Matthew Gabriel ’11 Makes Case for D.A. Office Internship

Matthew Gabriel '11
Matthew Gabriel '11
Matthew Gabriel ’11 has a fondness for phrases like “a more perfect Union” and “the Blessings of Liberty.” To him, the elegant script that cried for a fledgling country to “establish justice” and “promote the general welfare” is still relevant today. For many, the Preamble of the Constitution is just a Schoolhouse Rock song. But Gabriel’s intended career depends on how the entire work is interpreted. This summer, he is working at the Kings County District Attorney’s office in Brooklyn, N.Y., in their Early Case Assessment Bureau (ECAB). His internship reinforces his interest in justice and law.

The ECAB focuses on the first stages of a case that is brought before the DA’s office, and is the most prestigious college internship they offer. Gabriel’s responsibilities are to write case complaints that help the assistant district attorneys prosecute more effectively when they go to court. To do this, he speaks to officers and victims of crimes in order to compile the events leading up to the arrest of the defendant. Gabriel says that he works with a variety of cases ranging from inane misdemeanors like walking between subway cars to more serious assault and harassment cases. Through speaking with people over the phone and in person, he has gained a number of valuable communication skills.

Gabriel is a government major and plans to attend law school. He enjoys his internship because it emphasizes interpretation and thorough scrutiny of a case. He also says that his job and the Constitution have much in common. “Both require you to work within certain parameters, but both allow you the freedom to come to your own conclusion,” he said. “You are given a list of facts and you have to put together the pieces in order to come to a valid and defendable conclusion, and that process is a lot of fun to me.”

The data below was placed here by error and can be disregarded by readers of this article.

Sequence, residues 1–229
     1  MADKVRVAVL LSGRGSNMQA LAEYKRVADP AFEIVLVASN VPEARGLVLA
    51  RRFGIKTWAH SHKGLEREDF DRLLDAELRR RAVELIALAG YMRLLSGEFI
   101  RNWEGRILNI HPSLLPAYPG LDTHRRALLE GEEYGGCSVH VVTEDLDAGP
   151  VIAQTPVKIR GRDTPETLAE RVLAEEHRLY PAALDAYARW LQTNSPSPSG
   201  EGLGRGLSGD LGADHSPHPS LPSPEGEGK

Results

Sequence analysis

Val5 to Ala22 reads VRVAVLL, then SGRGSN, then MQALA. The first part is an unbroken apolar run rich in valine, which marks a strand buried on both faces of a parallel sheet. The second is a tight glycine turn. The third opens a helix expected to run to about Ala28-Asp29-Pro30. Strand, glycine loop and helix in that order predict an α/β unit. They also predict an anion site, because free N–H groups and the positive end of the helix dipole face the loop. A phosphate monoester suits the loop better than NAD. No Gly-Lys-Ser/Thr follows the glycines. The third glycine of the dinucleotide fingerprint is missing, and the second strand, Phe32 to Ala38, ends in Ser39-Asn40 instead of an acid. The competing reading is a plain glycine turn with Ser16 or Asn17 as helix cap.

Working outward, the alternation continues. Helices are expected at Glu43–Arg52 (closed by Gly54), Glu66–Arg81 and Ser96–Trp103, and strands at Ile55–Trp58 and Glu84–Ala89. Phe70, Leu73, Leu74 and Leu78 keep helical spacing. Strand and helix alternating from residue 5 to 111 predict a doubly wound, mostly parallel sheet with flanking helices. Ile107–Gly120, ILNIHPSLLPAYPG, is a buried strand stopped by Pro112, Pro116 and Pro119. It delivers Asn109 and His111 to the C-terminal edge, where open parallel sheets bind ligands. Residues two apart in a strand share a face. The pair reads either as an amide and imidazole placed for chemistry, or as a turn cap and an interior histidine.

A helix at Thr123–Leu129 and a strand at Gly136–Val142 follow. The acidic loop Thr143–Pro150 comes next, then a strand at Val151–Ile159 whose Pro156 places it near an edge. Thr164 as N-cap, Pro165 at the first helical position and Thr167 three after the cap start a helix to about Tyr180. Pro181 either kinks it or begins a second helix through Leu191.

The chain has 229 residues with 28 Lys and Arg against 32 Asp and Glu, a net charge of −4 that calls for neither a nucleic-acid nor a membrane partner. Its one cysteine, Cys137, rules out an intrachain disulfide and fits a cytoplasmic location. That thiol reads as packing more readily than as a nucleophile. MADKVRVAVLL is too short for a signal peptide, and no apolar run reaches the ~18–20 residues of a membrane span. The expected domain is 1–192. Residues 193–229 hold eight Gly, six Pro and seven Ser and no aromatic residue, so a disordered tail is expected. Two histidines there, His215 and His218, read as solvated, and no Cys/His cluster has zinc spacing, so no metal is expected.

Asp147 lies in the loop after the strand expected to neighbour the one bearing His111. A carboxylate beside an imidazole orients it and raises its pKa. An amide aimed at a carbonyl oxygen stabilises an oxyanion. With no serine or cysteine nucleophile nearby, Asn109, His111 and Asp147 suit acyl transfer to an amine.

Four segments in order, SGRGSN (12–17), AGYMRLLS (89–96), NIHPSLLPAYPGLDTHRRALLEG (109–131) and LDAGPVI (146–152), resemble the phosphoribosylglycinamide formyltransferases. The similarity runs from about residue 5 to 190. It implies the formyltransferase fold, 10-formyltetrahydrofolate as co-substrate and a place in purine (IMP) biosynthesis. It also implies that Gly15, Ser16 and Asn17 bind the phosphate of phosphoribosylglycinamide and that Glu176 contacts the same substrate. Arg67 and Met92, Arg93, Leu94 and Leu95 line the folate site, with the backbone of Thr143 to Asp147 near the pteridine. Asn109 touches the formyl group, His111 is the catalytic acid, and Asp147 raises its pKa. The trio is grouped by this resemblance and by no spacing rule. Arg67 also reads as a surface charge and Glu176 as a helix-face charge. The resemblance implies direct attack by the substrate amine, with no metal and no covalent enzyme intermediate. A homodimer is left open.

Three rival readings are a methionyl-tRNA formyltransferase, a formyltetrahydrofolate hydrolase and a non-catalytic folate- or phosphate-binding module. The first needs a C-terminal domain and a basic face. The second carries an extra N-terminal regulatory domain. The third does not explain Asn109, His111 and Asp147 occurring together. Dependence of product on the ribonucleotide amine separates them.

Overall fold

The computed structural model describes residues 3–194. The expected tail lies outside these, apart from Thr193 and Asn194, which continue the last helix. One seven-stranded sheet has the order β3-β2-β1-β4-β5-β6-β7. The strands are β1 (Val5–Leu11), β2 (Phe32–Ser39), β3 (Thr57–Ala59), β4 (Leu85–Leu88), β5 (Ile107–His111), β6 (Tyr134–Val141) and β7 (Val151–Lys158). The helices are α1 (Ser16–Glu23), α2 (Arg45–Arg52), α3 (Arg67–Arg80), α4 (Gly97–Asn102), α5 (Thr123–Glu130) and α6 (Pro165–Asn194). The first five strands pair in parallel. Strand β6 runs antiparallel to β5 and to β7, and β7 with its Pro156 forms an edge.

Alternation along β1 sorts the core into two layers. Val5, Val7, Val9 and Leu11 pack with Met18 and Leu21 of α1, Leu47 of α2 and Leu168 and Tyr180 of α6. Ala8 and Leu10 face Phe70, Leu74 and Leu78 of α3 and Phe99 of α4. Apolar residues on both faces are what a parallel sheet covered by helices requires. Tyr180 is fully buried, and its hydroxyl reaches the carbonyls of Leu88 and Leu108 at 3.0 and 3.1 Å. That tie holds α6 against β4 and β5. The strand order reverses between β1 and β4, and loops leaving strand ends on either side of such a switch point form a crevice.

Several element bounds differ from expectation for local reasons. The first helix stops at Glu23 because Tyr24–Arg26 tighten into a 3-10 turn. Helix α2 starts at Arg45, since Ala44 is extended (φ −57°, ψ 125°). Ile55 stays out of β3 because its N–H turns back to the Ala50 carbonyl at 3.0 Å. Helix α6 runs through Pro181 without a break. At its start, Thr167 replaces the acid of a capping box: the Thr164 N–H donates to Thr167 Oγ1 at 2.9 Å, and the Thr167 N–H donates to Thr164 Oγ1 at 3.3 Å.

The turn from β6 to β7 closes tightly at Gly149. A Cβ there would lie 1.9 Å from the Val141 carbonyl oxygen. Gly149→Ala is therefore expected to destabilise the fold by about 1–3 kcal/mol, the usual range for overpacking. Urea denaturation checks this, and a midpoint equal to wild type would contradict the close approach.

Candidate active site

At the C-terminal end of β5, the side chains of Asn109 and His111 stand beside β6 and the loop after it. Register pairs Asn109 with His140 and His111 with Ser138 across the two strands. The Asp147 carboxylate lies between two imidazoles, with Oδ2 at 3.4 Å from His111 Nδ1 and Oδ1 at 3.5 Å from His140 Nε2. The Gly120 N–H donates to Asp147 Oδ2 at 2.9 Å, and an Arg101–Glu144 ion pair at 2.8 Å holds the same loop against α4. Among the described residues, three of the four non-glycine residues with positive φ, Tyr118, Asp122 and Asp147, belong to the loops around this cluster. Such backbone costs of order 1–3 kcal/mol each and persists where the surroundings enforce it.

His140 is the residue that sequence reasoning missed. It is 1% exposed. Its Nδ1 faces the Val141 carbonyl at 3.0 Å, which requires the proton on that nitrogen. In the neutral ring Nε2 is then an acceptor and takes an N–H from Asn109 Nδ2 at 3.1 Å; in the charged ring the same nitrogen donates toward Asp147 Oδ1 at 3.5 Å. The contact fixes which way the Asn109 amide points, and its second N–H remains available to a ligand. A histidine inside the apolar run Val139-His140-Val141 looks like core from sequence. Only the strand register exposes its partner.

It is also an internship that results in very few trips to Starbucks or the copy machine. Gabriel is out in the real world struggle between crime and punishment. He is thankful for the Joseph F. Anderson Fund, which is open to students in all academic majors who secure a full-time, unpaid internship for the summer. If it were not for the stipend he received, he would have been bagging groceries in a Colorado small town this summer – a job that does not exactly advance his knowledge of law.

Instead, his internship allows him to allocate time toward studying for the LSATs and learning to live on his own. Although he wants to go to law school after Hamilton, he is unsure of what sector he will pursue. He is enthusiastic about sports law, as he professes to play every intramural sport he can fit into his schedule. Constitutional law is another possibility. Whatever the case may be, Gabriel wishes to improve the quality of life for the ordinary citizen.

“This job just goes to show that people don’t have to know your name for you to make a real, tangible difference, and that is a fantastic feeling,” he noted.

When it comes time to apply for summer jobs, Gabriel suggests that students keep an open mind. “Don’t limit yourself. It isn’t vital to have an internship that relates exactly to your future plans, because I can almost guarantee your future plans will change before you leave the Hill.” While some persistent students will prove Gabriel wrong and obtain their life-long dream job, others will find that it takes much more experimentation to come to a reliable verdict.

Gabriel is a graduate of Montrose High School.
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